The session included myself, my wife and my son. We have played once before so everyone knew what to do.

My son went first and clever lead off with 2 knights. My wife and I followed with 1 each. Then he made a double leap with his knights getting 4 spaces down the path. My wife was focusing on getting her first two pawns along the path and I was trying to move all of mine. My son was focusing on his first and second knights. He got into the cave first and started collecting Gold.

I followed him in and started my policy of taking gold only if it was worth more than a 1, other wise I was taking a gem. I only made one exception to that later in the game when I was able to claim my fourth green gem letting me gain the bonus.

I got about half way into the cavern and my son was still ahead when the Dragon got his first knight.

After that my wife moved into the carverns, the dragon started getting ravenous, getting two of my knights, one of hers and another one of sons.

My wife got the bonus for four mixed gems with her second knight and my I managed to be the first player to get a knight through into the horde, it did cost me two gold that had to be given up to the Dragon, still a profit!

The game ended pretty quickly after the dragon feast and we started handing out the various gem bonus'. I got the green and the others went to my wife and son.

My sons face lit up when he discovered he had won, he'd been a bit downcast when he was the first player to lose a knight. The scores were pretty close... he only won by about 20 points!

Friday, June 13, 2008

Cat Attack getting nasty

I'm playing Cat Attack with my chums at work and I'm finding it a whole new experience. I've played this game a number of time with the family and that's always been a fairly fun lighthearted hour.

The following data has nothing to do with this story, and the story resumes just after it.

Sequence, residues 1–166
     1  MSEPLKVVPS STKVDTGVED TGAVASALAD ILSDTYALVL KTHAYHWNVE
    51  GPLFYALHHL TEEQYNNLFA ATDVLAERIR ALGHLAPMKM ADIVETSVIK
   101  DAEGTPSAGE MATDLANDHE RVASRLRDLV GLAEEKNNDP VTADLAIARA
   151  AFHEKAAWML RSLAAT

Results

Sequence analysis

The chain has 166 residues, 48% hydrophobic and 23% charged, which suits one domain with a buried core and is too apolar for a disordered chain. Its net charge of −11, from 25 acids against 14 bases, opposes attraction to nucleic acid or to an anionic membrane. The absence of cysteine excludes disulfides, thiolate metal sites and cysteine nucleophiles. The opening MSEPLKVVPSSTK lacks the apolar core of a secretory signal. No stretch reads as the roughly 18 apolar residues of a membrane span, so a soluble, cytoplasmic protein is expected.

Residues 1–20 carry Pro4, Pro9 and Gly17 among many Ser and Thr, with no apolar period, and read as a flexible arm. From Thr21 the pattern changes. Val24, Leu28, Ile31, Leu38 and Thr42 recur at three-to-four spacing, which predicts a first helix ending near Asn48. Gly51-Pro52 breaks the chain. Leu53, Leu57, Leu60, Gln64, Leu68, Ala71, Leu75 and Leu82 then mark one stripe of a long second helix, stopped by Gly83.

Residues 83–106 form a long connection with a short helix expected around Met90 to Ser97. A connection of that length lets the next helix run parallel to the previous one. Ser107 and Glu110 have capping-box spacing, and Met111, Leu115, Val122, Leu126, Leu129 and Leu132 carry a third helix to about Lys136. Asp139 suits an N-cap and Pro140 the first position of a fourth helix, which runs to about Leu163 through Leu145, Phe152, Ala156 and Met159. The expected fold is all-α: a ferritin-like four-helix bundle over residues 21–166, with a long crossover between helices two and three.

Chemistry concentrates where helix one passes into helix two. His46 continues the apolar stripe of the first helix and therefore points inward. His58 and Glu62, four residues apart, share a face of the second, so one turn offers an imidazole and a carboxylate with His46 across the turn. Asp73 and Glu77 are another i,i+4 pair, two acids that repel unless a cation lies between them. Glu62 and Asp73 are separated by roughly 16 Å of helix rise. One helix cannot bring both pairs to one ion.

Now I'm playing against two "gamers". They are coming at it in a differnt style. Instead of everyone just dodging round the board occassionally losing the odd life to getting run over, I've already lost three lives in a half hour session!

These "gamers" are nastily aggressive. By both of them picking on me they are going to quickly eliminate a competitor. A fair enough tactic, but I suddenly have to play a completely differntly way. All cats are my enemies and my stash of food at home is not safe.

I'm seeing this game in a new light. I've always felt that this game was a bit wishy washy but now I'm not so sure. I was a little reluctant at first to try this game with "gamers" thinking that it was a little childish. The theme certainly looks like it's for kids. I'm happy to know that this is a meaty , nay, nasty gamers game. :)

Saturday, June 07, 2008

Emerald - Review

Emerald is a light game, a gateway game. The theme is based on knights leaving the castle to raid the dragons lair for its gold.

The board is simple and colourful, actually a joy to play with. It depicts the castle, a short path that leads into the cave of the dragon and eventually into the lair of the dragon.

The players will be using loverly wooden pawns ( knights ) in the usual array of colours.

There are also number of cards that get laid onto the board. These are Gem and Gold cards.

There is also a large wooden piece for the dragon and a wooden dowel. The dowel is used to mark the patrol area of the dragon within the cave spaces, and will move during the game.

All of the pawns (knights) start out in the castle. On your turn you may move either one or two of your pawns. The way pawns move is quite clever and forms part of the stratergy of the game. A pawn moves forwards a number of spaces equal to the number of pawns in its starting space. So a pawn in a space on its own only moves one space. With two pawns in the start space the pawn moves two spaces.

The first six spaces on the board are safe and your only concern here is keeping ahead of the competition. The next nine spaces are where the fun begins, these are the caves and are patroled by the dragon.